Time To Get Rid Of Corporate Sovereignty? USTR Robert Lighthizer Seems To Think So
from the you-either-are-in-the-market,-or-you're-not-in-the-market dept
As we noted a couple of months ago, the topic of corporate sovereignty — also known as investor-state dispute settlement (ISDS) — has rather dropped out of the public eye. One post on the subject from earlier this year pointed out that an editorial in the Financial Times had called for ISDS to be “ditched“. That was welcome but surprising. At the time, it seemed like an outlier, but it now looks more as if it was simply ahead of the field, as many more have started to call for the same. For example 230 law and economics professors are urging President Trump to remove corporate sovereignty from NAFTA and other trade deals (pdf). From a rather different viewpoint, here’s Dan Ikenson, a director at the Cato Institute, calling for ISDS to be absent from a re-negotiated NAFTA:
U.S. negotiators should offer to drop their rules-of-origin and sunset provision demands in exchange for agreement to expunge the controversial dispute settlement provisions under Chapters 11 and 19. These provisions are unnecessary, raise fundamental questions about sovereignty and constitutionality, and fuel trade agreement opposition on both the political left and right.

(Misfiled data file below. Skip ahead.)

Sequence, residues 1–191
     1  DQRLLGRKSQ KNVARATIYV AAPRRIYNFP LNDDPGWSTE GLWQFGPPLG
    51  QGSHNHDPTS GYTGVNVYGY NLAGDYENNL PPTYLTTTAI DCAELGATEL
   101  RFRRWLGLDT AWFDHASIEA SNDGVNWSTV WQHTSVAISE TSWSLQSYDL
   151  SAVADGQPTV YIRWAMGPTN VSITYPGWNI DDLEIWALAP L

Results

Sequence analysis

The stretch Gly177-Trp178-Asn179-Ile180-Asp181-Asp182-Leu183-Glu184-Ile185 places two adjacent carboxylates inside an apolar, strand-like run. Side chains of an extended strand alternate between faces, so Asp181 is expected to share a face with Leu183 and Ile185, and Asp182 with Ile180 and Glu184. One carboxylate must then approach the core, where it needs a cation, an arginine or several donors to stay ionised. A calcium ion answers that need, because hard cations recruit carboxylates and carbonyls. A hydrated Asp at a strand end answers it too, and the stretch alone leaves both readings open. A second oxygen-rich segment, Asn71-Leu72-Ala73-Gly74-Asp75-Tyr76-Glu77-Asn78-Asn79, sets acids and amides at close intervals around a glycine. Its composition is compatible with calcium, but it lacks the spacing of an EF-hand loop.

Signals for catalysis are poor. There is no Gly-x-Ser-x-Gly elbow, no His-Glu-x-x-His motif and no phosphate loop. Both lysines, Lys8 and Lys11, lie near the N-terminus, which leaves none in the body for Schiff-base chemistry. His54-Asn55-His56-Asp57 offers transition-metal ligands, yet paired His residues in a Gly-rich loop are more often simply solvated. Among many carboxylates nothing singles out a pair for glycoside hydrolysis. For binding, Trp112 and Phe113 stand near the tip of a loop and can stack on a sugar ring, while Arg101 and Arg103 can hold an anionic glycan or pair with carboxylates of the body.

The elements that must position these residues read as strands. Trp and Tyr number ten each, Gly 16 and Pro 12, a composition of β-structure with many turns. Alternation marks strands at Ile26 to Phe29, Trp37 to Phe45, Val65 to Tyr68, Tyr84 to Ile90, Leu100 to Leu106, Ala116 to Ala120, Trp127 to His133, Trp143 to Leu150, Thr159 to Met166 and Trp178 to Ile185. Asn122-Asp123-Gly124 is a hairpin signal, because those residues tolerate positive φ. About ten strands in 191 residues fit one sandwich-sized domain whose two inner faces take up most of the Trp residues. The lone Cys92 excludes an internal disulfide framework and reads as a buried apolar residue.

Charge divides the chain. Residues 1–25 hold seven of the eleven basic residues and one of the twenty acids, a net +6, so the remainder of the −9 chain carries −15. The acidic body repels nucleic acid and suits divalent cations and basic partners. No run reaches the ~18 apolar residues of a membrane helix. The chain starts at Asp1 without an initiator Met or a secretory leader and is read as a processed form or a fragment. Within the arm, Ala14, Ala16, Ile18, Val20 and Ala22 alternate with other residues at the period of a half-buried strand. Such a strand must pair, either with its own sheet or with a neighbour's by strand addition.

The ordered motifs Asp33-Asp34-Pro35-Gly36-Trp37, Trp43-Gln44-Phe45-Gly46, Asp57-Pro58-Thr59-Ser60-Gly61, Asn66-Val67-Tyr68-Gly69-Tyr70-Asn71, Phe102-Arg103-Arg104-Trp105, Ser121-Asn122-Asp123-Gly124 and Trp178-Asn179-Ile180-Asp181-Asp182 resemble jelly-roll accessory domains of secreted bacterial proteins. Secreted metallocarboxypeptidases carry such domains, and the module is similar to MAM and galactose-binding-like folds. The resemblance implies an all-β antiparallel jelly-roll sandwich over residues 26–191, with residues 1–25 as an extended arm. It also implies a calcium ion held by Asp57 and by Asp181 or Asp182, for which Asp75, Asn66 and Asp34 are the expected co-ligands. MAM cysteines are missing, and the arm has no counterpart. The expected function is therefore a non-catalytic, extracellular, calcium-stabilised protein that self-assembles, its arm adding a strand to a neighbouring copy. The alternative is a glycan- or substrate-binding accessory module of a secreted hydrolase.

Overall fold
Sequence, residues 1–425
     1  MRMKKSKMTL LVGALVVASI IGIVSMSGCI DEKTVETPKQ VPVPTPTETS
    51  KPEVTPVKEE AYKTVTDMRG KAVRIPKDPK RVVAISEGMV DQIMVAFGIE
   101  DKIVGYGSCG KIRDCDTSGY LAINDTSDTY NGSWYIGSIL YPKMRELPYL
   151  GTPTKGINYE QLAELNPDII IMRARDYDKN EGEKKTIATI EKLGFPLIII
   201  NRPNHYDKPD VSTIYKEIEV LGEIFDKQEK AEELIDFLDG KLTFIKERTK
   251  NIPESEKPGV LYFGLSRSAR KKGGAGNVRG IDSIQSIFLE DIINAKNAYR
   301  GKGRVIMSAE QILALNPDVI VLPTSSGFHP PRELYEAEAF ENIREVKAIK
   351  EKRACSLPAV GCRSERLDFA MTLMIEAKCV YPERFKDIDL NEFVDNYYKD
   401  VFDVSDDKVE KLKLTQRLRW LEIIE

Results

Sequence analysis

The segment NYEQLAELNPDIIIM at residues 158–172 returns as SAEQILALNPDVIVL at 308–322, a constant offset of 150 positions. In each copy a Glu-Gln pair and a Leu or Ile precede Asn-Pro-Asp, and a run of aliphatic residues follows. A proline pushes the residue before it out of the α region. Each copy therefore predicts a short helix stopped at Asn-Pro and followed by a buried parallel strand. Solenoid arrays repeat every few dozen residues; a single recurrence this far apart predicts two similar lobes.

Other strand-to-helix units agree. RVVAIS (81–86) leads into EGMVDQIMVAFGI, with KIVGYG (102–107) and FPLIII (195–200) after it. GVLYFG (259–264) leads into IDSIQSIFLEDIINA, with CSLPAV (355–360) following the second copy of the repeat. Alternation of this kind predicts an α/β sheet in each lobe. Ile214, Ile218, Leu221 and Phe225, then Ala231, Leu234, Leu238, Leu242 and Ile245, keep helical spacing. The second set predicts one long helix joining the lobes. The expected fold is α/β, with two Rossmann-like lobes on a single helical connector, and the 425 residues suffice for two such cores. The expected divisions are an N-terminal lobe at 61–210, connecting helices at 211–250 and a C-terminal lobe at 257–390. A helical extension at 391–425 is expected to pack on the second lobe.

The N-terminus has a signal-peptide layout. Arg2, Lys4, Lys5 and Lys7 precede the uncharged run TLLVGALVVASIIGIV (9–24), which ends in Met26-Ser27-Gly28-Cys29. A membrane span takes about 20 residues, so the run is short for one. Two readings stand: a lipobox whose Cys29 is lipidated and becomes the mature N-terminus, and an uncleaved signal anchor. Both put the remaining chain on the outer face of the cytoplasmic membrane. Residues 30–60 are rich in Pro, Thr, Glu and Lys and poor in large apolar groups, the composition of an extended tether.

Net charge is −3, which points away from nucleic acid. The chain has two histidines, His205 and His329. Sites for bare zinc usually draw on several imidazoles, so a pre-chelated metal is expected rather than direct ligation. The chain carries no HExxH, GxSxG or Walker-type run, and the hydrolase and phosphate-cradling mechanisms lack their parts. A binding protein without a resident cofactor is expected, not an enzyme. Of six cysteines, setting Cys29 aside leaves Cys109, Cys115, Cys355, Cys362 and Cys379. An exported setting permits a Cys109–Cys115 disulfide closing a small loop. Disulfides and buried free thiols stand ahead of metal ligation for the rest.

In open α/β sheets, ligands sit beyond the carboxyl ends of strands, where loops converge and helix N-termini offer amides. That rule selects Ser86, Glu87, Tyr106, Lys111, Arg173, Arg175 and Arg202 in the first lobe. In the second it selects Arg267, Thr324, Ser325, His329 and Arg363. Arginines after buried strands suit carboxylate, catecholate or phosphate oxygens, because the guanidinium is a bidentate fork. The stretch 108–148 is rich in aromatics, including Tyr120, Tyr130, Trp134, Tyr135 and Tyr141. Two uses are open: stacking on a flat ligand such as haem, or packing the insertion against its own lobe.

It’s all very well for professors and pundits to call for corporate sovereignty to go, but what do the people who have the power — the politicians — think? Well, here’s the newly-elected prime minister of New Zealand, Jacinda Ardern, speaking on the topic:
We remain determined to do our utmost to amend the ISDS provisions of TPP. In addition, Cabinet has today instructed trade negotiation officials to oppose ISDS in any future free trade agreements.
Finally, and arguably most importantly, this is what the US Trade Representative, Robert Lighthizer, said recently (reported on Forbes):
It’s always odd to me when the business people come around and say, ‘Oh, we just want our investments protected.’ ? I mean, don’t we all? I would love to have my investments guaranteed. But unfortunately, it doesn’t work that way in the market. ? I’ve had people come in and say, literally, to me: ‘Oh, but you can’t do this: you can’t change ISDS. ? You can’t do that because we wouldn’t have made the investment otherwise.’ I?m thinking, ‘Well, then why is it a good policy of the United States government to encourage investment in Mexico?’ ? The bottom line is, business says: ‘We want to make decisions and have markets decide. But! We would like to have political risk insurance paid for by the United States’ government.’ And to me that’s absurd. You either are in the market, or you’re not in the market.
Whether that extraordinarily sensible analysis is ultimately converted into action remains to be seen: there will be plenty of lobbying against the idea. But the fact that so many are now making the call for corporate sovereignty to be dropped from existing and future trade deals does, at least, make it much more likely that it will happen soon.